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Making Melanoma Screenings More Patient Friendly

Skin Exam

It isn't possible to die from embarrassment—unless that embarrassment keeps patients from getting checked for melanoma.

New research from the University of Pittsburgh and University of Utah shows dermatologists can reduce that possible embarrassment by doing two things: letting patients pick the gender of the doctor doing their full-body skin check, and letting them decide if they would like to have their genitals examined.

"We were actually surprised by how many patients had strong preferences regarding the full-body skin cancer examination," says Aaron Secrest, MD, PhD, a dermatology chief resident at the University of Utah, and the lead statistician on the study. "More than one in four patients had a preference for a specific gender in the examining physician."

Young women under the age of 30 were the most likely to prefer a physician of the same sex, according to Secrest's study. This could be key when it comes to reducing melanoma rates because young women have the fastest-growing rates of the disease. "Allowing these patients to choose the gender of their provider could bring them in sooner, and lead to cancers being caught earlier," he says.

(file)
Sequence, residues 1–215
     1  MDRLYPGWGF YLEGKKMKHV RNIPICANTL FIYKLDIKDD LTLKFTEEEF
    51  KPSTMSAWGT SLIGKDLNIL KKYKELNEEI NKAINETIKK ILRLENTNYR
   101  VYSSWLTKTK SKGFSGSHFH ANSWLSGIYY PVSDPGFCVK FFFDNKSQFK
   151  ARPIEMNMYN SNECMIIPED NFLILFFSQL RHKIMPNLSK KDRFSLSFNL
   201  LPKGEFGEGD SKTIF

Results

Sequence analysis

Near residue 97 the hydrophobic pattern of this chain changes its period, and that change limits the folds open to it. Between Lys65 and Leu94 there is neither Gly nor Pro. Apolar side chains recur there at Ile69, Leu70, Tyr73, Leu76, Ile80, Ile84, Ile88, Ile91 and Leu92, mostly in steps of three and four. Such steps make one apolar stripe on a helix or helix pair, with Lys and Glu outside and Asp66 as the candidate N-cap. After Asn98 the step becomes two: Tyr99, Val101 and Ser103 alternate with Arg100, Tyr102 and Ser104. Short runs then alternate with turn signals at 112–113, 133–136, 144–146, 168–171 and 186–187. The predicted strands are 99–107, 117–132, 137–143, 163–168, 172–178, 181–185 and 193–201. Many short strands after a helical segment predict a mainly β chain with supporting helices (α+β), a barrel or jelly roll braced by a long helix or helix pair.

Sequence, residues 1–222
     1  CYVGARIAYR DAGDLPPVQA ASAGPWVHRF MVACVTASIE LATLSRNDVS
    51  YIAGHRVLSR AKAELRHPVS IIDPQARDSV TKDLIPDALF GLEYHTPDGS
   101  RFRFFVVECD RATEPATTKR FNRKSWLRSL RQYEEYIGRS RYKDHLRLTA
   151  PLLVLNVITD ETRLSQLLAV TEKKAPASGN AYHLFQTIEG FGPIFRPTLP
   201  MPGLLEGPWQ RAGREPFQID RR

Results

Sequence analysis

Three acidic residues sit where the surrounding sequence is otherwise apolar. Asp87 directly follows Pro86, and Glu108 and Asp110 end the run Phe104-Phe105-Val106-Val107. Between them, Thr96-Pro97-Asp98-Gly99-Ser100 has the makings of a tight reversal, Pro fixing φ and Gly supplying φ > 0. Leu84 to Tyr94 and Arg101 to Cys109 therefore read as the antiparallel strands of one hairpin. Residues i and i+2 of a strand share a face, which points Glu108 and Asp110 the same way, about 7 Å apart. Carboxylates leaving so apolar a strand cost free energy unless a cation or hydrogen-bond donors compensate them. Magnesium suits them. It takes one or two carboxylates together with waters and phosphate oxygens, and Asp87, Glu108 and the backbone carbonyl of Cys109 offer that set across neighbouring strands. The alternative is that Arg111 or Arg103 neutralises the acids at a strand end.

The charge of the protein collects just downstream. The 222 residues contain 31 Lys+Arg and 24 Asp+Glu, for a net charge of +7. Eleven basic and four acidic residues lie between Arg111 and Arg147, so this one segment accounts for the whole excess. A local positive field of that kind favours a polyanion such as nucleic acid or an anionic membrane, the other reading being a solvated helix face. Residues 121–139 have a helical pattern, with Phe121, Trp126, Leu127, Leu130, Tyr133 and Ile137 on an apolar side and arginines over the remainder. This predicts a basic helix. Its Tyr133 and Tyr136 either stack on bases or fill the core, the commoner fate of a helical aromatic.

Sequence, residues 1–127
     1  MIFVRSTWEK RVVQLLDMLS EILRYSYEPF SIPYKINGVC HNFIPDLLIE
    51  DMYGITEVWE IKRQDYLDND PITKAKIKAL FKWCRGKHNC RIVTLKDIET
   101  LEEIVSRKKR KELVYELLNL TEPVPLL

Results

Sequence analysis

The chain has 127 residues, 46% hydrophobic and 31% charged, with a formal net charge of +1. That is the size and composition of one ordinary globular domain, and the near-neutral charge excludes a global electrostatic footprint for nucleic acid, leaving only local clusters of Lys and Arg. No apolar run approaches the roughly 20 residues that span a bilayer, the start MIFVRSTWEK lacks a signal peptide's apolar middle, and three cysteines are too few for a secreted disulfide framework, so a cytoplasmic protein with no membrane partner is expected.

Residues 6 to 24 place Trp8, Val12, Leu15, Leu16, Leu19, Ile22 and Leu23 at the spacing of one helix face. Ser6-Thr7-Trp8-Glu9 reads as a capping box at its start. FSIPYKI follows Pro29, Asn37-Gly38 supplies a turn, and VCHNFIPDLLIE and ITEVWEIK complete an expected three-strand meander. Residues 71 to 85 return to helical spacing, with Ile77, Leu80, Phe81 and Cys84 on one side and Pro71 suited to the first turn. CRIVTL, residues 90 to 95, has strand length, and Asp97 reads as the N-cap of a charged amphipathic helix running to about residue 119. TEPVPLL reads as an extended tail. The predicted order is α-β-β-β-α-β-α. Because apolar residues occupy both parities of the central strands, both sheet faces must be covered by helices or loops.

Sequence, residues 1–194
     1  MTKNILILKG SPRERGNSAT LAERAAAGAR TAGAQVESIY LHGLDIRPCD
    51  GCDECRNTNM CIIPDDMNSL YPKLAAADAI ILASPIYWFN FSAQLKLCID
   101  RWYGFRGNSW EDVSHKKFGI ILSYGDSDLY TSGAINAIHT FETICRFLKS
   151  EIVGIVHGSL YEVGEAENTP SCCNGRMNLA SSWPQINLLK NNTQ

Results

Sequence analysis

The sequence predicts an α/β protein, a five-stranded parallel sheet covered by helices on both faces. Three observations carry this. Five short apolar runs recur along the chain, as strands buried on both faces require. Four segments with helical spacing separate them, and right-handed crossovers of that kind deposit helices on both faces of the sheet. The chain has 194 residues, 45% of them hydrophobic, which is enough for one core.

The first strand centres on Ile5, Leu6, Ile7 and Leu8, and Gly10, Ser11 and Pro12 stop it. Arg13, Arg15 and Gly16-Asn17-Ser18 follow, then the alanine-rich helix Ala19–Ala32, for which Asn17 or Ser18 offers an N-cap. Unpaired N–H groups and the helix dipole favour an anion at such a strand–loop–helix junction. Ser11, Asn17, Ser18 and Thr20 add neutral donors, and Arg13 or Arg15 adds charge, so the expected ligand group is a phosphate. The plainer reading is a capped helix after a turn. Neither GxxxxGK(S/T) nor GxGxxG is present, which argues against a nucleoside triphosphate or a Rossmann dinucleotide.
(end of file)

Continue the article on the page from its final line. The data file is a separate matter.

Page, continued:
Traditionally, a patient is fully nude under a gown when undergoing a full-body skin examination. The new research shows the majority of patients would prefer if that wasn't the case. "Nearly half of all patients preferred keeping their underwear on for the examination and having the physician work around the underwear. Another one in five patients would not like to have their genitals examined at all," says Secrest.

Not examining the genitals can put patients at ease, but still allow a "full-body" scan, he adds. Melanoma can occur on the genitals, but that happens in less than 1 percent of all cases. So doctors need to balance the small risk they may miss a genital melanoma with keeping patients comfortable—and coming back for regular screenings.

"We really want all at-risk patients to be screened and help remove barriers," says Secrest. "Whether they are avoiding skin checks due to discomfort with the physician's gender or discomfort with requests to completely disrobe when they would prefer to leave underwear on for the exam, we need to honor their wishes."